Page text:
Our Teddy Bear's Journey

Theodore was born with renal failure. This is his story.

Guest Post: Cameron Von St James

on March 8, 2013

Cameron Von St. James‘ wife was diagnosed with mesothelioma and he became her primary caregiver, in addition to caring for their infant daughter. Happily, Cameron’s wife beat cancer and their lives have returned to more or less normal. Here, he writes about how his experiences caring for his wife helped him to become a better person.

My Wife Beat Cancer

November 21, 2005 was a day that would change my life forever. My wife was
diagnosed with mesothelioma that day. I never imagined that I would walk out of
the doctor’s office and become a caregiver for my wife. Just three months earlier,
we had celebrated the birth of our first and only child, Lily. What should have been
a joyous and happy time for our new family quickly became a time of fear and
uncertainty.

I remember sitting in the doctor’s office while the doctor explained mesothelioma.
He told us of three different places that he would recommend to go for treatment.
Heather was shocked and paralyzed with fear, unable to make a decision about her
treatment. Her eyes pleaded for help, so without hesitating I turned to the doctor
and told him that we would see treatment with a renowned mesothelioma specialist
in Boston by the name of David Sugarbaker. My gut told me that he was Heather’s
best chance for survival. It was just the first of many impossible decisions that we
would be asked to make over the following months.

Everything was a nightmare for the next two months. Our daily routines were
turned upside down. I was no longer able to work my full-time job while caring for
Heather and Lily. Instead, I had to cut back to part-time hours, and Heather had to
give up her job altogether. This put an incredible strain on our finances and only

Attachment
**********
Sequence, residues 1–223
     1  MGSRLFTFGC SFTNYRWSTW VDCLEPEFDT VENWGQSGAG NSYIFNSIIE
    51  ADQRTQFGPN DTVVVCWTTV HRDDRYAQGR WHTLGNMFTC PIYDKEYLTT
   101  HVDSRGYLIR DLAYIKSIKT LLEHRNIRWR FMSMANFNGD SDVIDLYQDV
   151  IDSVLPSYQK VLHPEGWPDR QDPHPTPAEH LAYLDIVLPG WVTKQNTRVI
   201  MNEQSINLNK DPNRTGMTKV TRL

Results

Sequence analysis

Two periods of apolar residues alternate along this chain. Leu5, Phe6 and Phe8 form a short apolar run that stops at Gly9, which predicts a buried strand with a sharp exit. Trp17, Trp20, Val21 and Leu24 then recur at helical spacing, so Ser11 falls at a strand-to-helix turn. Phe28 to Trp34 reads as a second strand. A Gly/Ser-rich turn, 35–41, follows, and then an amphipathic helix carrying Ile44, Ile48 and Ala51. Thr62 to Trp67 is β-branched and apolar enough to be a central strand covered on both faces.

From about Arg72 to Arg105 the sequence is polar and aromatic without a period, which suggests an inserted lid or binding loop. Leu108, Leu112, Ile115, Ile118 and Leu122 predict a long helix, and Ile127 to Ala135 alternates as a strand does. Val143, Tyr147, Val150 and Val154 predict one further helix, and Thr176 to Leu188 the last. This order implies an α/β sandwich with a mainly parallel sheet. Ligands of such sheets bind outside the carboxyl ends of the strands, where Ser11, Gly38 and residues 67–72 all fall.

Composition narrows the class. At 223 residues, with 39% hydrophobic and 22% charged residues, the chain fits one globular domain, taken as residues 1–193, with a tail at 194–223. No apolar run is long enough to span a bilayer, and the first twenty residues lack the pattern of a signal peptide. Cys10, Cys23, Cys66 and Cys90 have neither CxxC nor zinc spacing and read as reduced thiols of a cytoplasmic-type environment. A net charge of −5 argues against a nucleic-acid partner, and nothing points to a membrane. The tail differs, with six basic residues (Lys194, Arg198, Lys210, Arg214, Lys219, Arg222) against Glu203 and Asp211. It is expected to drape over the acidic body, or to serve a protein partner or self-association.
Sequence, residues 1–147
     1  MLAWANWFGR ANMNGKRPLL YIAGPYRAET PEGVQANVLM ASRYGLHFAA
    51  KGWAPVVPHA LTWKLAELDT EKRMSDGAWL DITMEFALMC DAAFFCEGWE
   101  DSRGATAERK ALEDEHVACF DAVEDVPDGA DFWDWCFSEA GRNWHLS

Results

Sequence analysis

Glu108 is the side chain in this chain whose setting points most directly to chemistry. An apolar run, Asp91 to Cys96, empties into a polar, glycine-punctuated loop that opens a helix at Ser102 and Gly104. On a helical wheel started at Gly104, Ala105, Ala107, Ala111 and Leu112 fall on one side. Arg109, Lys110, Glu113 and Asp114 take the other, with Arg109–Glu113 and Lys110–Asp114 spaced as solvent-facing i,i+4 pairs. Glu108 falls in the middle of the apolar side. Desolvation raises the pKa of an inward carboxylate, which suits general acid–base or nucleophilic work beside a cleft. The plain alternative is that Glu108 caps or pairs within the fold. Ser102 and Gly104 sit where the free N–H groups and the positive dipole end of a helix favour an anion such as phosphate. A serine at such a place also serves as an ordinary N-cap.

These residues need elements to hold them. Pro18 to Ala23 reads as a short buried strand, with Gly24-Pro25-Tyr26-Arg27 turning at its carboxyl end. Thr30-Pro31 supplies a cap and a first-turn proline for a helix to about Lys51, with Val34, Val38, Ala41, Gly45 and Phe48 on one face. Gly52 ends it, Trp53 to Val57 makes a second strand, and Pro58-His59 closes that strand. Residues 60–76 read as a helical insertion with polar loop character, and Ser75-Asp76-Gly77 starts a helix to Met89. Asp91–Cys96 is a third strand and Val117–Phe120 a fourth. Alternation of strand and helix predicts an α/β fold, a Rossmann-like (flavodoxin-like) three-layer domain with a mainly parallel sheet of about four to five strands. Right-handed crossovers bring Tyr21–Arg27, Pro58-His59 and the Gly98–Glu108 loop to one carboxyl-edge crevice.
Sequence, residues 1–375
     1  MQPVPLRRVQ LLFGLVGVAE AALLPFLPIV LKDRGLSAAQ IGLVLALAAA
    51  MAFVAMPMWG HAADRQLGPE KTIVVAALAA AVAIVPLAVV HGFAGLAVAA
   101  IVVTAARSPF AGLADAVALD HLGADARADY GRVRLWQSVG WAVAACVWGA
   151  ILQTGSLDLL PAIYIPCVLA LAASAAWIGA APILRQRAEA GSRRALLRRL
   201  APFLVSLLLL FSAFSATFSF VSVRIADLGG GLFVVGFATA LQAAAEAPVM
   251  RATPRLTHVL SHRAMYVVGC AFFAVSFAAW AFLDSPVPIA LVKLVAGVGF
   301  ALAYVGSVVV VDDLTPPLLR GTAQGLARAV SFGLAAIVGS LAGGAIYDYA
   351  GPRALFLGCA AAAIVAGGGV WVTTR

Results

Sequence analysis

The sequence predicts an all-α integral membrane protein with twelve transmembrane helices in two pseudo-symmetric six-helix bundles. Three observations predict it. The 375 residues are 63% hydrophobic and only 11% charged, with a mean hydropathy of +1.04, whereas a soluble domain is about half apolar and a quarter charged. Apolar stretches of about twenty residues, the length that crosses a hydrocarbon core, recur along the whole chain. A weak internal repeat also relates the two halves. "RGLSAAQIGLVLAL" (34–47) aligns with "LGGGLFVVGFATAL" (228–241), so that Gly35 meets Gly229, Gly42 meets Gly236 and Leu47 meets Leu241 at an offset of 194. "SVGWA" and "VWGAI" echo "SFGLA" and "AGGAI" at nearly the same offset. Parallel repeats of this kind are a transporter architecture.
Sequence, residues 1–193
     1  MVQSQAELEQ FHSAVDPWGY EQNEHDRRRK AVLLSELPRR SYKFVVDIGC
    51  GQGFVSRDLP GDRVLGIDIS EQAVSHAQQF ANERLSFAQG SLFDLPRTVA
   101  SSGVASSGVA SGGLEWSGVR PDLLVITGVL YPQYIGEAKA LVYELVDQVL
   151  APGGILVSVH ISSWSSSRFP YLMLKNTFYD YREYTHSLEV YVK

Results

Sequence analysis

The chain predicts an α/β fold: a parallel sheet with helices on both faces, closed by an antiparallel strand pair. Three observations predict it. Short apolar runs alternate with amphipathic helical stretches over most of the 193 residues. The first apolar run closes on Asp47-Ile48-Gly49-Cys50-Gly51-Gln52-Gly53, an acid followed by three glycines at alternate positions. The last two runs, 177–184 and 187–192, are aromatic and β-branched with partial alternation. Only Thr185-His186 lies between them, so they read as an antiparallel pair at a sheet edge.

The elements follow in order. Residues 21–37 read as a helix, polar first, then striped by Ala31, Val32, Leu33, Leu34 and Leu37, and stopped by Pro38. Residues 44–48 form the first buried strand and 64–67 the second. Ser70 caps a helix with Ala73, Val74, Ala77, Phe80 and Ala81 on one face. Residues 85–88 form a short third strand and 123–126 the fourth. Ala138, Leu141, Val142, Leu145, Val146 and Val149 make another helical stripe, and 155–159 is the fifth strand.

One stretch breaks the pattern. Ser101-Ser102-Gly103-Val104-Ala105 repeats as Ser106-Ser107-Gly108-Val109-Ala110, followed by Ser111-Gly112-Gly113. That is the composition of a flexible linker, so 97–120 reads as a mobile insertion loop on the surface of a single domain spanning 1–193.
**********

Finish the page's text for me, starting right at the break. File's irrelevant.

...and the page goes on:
added to our stressful situation. I spent my days taking my wife to different doctor
appointments going back and forth to Boston, trying to take care of Lily while fearing
the worst. I knew that it was very important for me to remain strong in Heather’s
presence, but on my own I frequently broke down under the pressure. I had bad
moments, of course, but always tried to hide them from Heather. After all, I needed
to be there for her and the last thing she needed was to know just how scared I truly
was.

We were very fortunate to have family and even strangers to help us with finances,
and even just a shoulder to cry on. My strongest advice for anyone going through a
situation like this is to accept every offer of help that comes your way. I learned the
hard way that there is no room for pride or stubbornness in a fight with cancer. Even
the smallest offer of help can be a weight off your shoulders, and will remind you that
you are not alone in this fight.

Over the following months, Heather would undergo intense and difficult treatment
for mesothelioma, including surgery, chemotherapy and radiation. Despite the
frightening odds against her, she was able to make it through and beat her cancer.
It’s been seven years since her devastating diagnosis, and Heather continues to be
healthy and cancer free to this day.

I learned so much about myself through this experience. This is something that
helped me get myself through college when I went back to school to get my degree
two years after Heather’s diagnosis. I was able to graduate with honors and I was
even given the opportunity to speak at my graduation. During my speech, I told my

classmates that a few years earlier, I had never imagined I would be in that position.
I told them that if we just believe in ourselves and never give up hope, we could
accomplish incredible things. Heather and Lily were in the audience to cheer me on,
and that was the greatest reward of all.

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